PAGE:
Veterinarians at Tufts Raise Awareness of Intravenous Fluid Therapy Complications

Clinicians at Cummings School of Veterinary Medicine launch an initiative encouraging animal hospitals to rethink the use of intravenous fluid in hospitalized patients

When critically ill animals arrive in veterinary emergency rooms, one of the first steps to recovery is to put them on intravenous fluids—often a salty mixture of electrolytes and water meant to counter dehydration and restore adequate blood flow. This decision saves lives, but after a few hours to days, if not closely monitored the same fluids may start to do more harm than good, say Tufts experts, potentially causing organs to swell or malfunction. Weight gain of more than 10 percent from overuse of fluids can be especially dangerous for small animals, reducing their chances of survival.

“People aren’t talking about this,” says Alexandra Pfaff, a clinical assistant professor at Cummings School of Veterinary Medicine at Tufts University. “Research on fluid overload in pets is scarce and the concept of fluid stewardship has not been described. Implementation of such programs at more veterinary institutions would improve care in an area that affects patients and clinicians every day.”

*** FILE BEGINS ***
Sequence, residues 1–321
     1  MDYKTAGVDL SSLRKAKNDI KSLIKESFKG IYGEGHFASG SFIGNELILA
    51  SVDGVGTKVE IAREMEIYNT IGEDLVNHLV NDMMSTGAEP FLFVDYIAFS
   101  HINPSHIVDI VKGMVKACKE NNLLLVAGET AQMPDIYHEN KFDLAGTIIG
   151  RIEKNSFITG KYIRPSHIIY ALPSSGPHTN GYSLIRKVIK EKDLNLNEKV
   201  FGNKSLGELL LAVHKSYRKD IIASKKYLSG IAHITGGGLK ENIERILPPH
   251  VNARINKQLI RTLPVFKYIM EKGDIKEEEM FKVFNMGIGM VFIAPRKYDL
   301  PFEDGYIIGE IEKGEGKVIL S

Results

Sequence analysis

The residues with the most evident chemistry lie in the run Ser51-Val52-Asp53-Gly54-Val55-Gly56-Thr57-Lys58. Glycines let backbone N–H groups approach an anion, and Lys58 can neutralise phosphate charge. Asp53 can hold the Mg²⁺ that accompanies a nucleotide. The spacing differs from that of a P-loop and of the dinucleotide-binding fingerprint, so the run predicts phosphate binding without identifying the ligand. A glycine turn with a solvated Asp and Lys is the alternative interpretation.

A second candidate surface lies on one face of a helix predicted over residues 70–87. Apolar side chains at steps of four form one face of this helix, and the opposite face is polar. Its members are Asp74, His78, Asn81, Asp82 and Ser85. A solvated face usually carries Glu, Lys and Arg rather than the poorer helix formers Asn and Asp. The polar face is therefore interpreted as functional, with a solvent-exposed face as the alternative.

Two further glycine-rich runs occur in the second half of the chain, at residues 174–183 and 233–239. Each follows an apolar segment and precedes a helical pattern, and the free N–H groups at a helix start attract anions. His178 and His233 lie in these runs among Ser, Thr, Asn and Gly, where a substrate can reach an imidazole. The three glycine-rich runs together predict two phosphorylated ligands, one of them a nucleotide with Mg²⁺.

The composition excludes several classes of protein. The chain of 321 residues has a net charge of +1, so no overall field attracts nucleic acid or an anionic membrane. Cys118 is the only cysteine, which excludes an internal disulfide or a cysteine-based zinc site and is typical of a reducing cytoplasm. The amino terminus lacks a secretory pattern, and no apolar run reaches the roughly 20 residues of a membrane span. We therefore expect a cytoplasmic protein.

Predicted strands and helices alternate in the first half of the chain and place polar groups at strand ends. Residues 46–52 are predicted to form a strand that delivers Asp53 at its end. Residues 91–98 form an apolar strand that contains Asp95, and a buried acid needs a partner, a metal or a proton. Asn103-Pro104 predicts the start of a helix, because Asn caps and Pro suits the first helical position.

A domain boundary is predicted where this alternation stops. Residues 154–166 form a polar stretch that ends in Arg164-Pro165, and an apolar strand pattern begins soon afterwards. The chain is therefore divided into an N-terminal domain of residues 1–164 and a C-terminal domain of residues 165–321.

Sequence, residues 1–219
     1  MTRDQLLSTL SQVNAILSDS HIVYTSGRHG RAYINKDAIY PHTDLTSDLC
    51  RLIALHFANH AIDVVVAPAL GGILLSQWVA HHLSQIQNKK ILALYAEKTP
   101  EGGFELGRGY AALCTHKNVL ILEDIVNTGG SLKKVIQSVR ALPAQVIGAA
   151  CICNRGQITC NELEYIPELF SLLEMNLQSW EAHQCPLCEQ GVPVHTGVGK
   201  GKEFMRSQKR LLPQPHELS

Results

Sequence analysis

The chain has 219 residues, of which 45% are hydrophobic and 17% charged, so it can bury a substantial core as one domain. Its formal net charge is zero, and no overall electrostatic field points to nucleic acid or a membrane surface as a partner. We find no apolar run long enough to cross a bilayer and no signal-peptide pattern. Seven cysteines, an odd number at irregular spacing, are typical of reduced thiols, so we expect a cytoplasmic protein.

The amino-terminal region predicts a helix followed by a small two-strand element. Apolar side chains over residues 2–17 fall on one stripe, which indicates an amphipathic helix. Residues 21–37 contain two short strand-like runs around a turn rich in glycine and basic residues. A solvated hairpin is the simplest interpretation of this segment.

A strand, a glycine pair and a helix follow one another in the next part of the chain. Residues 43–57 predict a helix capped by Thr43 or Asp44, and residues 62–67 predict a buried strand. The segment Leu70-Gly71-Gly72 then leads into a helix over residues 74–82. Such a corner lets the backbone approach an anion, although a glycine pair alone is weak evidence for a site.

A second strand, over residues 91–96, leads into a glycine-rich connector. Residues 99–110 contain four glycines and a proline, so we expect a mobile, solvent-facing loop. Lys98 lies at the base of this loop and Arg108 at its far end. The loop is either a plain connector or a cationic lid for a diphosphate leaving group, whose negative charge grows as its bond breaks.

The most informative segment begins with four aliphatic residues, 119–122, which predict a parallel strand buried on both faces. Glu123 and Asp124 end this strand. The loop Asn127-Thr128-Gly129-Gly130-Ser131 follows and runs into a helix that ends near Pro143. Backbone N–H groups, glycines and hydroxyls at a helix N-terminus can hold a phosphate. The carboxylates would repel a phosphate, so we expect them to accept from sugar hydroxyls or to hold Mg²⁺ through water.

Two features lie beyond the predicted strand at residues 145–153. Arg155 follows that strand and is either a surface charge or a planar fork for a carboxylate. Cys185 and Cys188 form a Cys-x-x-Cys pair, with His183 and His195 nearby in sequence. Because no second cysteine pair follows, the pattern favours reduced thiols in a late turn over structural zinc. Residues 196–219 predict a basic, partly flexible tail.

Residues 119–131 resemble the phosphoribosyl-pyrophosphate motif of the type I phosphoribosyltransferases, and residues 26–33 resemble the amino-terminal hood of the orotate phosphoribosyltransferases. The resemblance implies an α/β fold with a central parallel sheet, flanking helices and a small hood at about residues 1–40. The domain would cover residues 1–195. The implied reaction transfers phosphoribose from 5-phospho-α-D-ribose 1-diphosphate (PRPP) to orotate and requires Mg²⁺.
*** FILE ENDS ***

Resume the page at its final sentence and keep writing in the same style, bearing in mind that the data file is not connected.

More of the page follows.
Inspired by a similar movement in human medicine, Pfaff has spent years helping veterinary clinicians rethink their approach to fluid administration. She founded the Tufts Fluid Stewardship Team in 2021, bringing together experts from nephrology, anesthesia, nutrition, and other subspecialties to develop guidelines to improve fluid management in small animal medical practices.

“Fluids are actually some of the most difficult medications to prescribe, with different concentrations, types, and rates of administration that need to be considered,” says Cummings School Clinical Assistant Professor Emmanuelle Butty, Pfaff’s counterpart on the fluid stewardship team who specializes in kidneys and dialysis. “We’re developing recommendations based on what we currently know, but we’re at the very beginning.”

“Yet, fluids are frequently not considered medications and therefore formulation and monitoring of fluid prescriptions doesn't follow the same thought process as the prescription of other drugs, such as antibiotics,” Pfaff says. “We want to ensure that benefits are maximized, and adverse effects are minimized, which enhances patient outcomes and has cost-reducing effects.”

Finding the Right Dose

When introducing the idea of fluid stewardship, Pfaff likes to quote Swiss physician Paracelsus (1493–1541), who is credited with saying: “All things are poison, and nothing is without poison; only the dose makes a thing not a poison.”

The fluid team’s goal is to move veterinary medicine to a place where fluid therapies are individualized, prescribed like drugs, and reassessed daily. Research on critically ill human patients identifies four phases where a person’s fluid needs change. In the first minutes to hour of emergency care, the focus is resuscitation, increasing fluid balance, which is optimized over the course of the day depending on the patient’s responsiveness. Fluid intake should equal fluid loss by days 2–3 as the patient stabilizes. The goal is to achieve a negative fluid balance by days 3–7.